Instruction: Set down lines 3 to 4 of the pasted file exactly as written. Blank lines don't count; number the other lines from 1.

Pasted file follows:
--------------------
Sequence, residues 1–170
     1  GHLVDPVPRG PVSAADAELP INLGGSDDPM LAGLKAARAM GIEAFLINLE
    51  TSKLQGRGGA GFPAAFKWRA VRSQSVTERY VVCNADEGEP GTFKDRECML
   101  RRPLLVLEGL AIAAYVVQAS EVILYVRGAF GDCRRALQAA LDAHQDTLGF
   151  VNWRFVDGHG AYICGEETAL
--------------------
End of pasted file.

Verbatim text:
    51  TSKLQGRGGA GFPAAFKWRA VRSQSVTERY VVCNADEGEP GTFKDRECML
   101  RRPLLVLEGL AIAAYVVQAS EVILYVRGAF GDCRRALQAA LDAHQDTLGF